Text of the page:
Open Mike Eagle
1123 Euclid Ave NE
Atlanta, GA, 30307
This event is all ages
Open Mike Eagle
Open Mike Eagle might not have all the answers, but few artists in hip-hop, music, or American life are asking smarter questions. In a landscape governed by ceaseless babble, flashing lights, and hollow lies, Eagle harmonizes into the void so we don't have to.
On this descent into the digital trenches, Eagle teams up with British producer, Paul White for Hella Personal Film Festival. Released on Mello Music Group, the full collaboration finds White behind the SP-1200s, conjuring a psychedelic strain of soul-funk, booming drums, and 21st century crate-digging in tropical attics of the imagination. On the microphone, the Chicago-bred, LA-based, Eagle artfully breaks down the banalities and perils of the modern condition.
Recorded in London, Eagle's new album continues where his 2014 masterpiece, Dark Comedy, left off. It's anxiety-riddled but whimsical, addicted to and scornful of social media, stuffed with old wrestling in-jokes and film snippets. Self-aware admissions blend into attacks on societal double standards.
Known for alchemical solo work and collaborations with Danny Brown, Homeboy Sandman, and Mos Def, this is White's first proper union with Eagle. The two artists bonded over the notion of diversity. The process started out with rough demos, which White ended up finishing in post-production -- playing guitar, drums, bass, keyboards, percussion and pieces of wood found in a forest. Its genius ultimately comes from the pair mining a deep vein of emotional content -- a discussion of the things we feel that you don't say. A movie that hits so accurately it's almost uncomfortable.
These are tense anthems for the vulnerable, consecrations to black people with rich internal lives, agnostic prayers for those grappling with pain. They're emotional landmines leavened by the wry bleakness usually only found in great stand-up comedians. Eagle exists in the lineage of They Might Be Giants and Richard Pryor, Freestyle Fellowship and his longtime friend and collaborator, Hannibal Burress.
Within the first act, the plot becomes clear. See "Admitting the Endorphin," where Eagle raps, "I chase my poison tail and get so high that voices fail." These are the movies he'd make it he knew how to make movies. Surreal vignettes about waking up with burrito hangovers in hotels you don't recognize, wondering if you remembered to charge your phone. Aesop Rock and Hemlock Ernst (Sam Herring of Future Islands) pop up as fellow travelers.
No one is better than Eagle at capturing the nauseous disorientation of day-to-day life. The deluge of sports highlights, unread texts and Twitter notifications. The compulsive need to check your phone at red lights and pauses in conversation. But his incisiveness extends far beyond observational humor. "Smiling (Quirky Race Doc)" examines the slights and casual bigotry of daily interaction. "A Short About a Guy That Dies Every Night" is a morbid rumination on death.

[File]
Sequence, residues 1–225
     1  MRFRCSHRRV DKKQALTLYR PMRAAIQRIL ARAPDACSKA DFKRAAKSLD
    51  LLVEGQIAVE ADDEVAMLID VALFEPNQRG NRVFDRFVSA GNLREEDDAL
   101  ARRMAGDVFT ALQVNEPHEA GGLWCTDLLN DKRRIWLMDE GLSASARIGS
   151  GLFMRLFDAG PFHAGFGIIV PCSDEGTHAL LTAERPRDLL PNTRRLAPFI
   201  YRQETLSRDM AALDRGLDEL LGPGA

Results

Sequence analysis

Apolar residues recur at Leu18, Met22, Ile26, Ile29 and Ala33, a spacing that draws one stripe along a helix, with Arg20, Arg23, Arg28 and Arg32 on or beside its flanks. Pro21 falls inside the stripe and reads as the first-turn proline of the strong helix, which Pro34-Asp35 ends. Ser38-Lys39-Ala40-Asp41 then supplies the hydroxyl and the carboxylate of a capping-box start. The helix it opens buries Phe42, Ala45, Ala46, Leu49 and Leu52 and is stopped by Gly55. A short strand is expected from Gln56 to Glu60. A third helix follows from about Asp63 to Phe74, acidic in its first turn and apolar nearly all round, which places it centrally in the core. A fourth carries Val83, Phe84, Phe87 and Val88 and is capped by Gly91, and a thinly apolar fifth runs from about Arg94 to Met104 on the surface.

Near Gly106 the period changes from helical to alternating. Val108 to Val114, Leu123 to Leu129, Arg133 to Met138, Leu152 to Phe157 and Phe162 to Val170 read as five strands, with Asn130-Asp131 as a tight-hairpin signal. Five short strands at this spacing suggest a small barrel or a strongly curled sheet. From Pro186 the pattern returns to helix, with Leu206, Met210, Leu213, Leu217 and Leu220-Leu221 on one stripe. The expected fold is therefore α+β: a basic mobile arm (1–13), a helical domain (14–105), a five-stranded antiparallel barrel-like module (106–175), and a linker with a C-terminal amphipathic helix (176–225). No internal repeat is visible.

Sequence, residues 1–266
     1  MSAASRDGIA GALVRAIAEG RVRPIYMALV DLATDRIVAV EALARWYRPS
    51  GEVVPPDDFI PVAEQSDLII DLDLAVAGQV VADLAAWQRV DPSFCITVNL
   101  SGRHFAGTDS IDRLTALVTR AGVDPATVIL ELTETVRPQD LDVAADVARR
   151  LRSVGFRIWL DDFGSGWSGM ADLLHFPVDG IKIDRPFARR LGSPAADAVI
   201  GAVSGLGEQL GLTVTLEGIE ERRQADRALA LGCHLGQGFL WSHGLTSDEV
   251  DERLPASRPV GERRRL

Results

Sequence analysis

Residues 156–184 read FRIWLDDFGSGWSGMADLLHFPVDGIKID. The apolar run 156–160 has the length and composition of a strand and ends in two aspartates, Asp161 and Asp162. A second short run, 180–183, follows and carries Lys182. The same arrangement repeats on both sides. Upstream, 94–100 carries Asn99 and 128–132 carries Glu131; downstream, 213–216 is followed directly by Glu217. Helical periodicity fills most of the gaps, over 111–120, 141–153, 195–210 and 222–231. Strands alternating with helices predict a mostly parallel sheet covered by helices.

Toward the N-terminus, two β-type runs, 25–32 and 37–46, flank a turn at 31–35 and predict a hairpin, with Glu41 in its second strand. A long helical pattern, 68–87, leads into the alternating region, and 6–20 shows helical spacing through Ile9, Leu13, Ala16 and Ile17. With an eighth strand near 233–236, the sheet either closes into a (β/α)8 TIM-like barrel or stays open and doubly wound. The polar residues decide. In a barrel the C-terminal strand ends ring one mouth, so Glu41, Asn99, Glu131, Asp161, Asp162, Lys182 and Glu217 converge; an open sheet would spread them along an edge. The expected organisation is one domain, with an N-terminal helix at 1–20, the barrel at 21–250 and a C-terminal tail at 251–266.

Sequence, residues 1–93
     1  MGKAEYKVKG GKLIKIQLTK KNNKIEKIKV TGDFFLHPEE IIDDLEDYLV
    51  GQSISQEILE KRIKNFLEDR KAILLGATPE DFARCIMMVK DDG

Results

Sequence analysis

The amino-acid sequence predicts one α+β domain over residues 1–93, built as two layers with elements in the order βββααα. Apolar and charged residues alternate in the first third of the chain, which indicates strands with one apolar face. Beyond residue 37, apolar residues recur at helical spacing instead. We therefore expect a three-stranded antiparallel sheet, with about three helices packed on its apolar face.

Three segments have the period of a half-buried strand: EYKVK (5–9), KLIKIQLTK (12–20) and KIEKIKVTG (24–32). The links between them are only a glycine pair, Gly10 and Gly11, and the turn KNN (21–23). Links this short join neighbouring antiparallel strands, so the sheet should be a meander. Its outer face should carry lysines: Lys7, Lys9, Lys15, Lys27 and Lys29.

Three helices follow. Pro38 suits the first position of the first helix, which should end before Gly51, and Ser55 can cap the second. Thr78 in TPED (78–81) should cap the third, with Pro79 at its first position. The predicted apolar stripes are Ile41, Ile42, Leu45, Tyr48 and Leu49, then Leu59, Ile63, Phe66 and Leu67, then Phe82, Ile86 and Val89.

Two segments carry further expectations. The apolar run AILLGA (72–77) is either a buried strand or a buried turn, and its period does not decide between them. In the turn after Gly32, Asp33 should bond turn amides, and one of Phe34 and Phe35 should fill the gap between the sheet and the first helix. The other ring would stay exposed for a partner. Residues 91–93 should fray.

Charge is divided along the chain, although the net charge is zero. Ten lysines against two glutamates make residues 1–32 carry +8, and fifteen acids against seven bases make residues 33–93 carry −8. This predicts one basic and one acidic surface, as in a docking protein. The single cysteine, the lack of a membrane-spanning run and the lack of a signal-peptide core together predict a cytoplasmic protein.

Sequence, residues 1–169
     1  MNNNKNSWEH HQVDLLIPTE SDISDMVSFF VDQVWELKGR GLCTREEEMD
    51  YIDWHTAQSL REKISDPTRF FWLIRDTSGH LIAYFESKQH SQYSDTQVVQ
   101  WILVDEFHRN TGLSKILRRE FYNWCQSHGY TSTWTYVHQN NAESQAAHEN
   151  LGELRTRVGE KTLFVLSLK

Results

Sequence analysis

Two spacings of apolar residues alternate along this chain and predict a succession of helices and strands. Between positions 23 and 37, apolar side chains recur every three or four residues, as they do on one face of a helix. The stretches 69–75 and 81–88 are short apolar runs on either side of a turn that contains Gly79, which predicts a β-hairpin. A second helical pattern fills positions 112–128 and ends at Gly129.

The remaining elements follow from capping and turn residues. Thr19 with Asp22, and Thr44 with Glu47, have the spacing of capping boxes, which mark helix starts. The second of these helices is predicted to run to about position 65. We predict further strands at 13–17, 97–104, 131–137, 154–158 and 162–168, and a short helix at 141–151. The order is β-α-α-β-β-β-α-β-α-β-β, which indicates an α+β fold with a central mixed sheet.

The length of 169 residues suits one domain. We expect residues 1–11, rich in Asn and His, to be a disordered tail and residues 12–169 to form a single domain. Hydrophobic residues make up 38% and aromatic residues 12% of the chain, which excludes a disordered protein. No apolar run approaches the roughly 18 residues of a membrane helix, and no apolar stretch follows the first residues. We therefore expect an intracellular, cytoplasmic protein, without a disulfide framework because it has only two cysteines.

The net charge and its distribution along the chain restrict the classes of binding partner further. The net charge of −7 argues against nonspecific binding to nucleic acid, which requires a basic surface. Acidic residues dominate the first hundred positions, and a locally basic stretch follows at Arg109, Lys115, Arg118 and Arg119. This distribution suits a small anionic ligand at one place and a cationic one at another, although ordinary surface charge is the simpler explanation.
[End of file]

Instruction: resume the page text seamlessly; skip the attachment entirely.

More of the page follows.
These are the returns after long dark nights of the soul. When the noises are loud, the lights are off, and the armor is pierced. Short films that loop over and over again, as soon as you close your eyes.
billy woods is a rapper who defies easy categorization; he claims Washington D.C. as his hometown but has spent much of his life in New York City. He was born in the U.S. but spent much of his childhood in Africa and the West Indies, the second child of a Jamaican intellectual and a would-be Marxist revolutionary. On the mic, woods is no less of a conundrum, possessed of versatile flows and an ability to not only tackle topics other artists wouldn’t dream of, but also to bring unique perspectives to the familiar ones.
After spending much of the 2000’s as half of the now defunct Super Chron Flight Brothers, woods struck out on his own with 2012’s audacious mission statement, History Will Absolve Me. An album two years in the making, History…was a molotov cocktail of sarcastic fury, with production to match it’s uncompromising vision.
2013 saw billy woods collaborating with producer Blockhead (Ninja Tune, Def Jux) on the darkly humorous LP, Dour Candy. A noteworthy about-face from HWAM, Dour Candy garnered praise for it’s understated tone and wry wit, paired with Blockhead’s subtle craftsmanship. That same year, woods and fellow NYC rapper Elucid joined forces as Armand Hammer and released the incendiary album Race Music to critical acclaim. 2014 saw only the release of a vinyl-only EP by Armand Hammer, Furtive Movements, a more abstract project that in some ways served to set the stage for woods’ and Elucid’s solo work here in 2015.
Long before building the modest-but-loyal cult following that came with the Flight Brothers, woods made a name for himself with a left-field debut album and one intriguing ensemble project after another. A longtime associate of Cannibal Ox, he came into the game on the back of a collaborative record with Vordul called Camouflage, a low-budget, ultra-indie release that set the table for woods’ particular brand of blunted dissonance and lyrical tight roping. Camouflage was quickly followed by his first, true solo album, The Chalice, in 2004. With features from Cannibal Ox and future partner-in-rhyme Priviledge, The Chalice is widely accepted as woods’ best solo work to date. It would also be his last solo work for a long time as woods threw himself into a series of group projects, first as a part of East Coast rap “supergroup” The Reavers, with Akir, Karniege, Vordul Mega, Hasan Salaam and a host of other on-the-cusp MC’s in 2005. Then came the Super Chron Flight Brothers; between 2006 and 2010, woods and Priviledge released a trilogy of critically-acclaimed concept albums, wrapping cogent sociopolitical commentary in a potent mix of racial humor, weed rap and pop-culture references.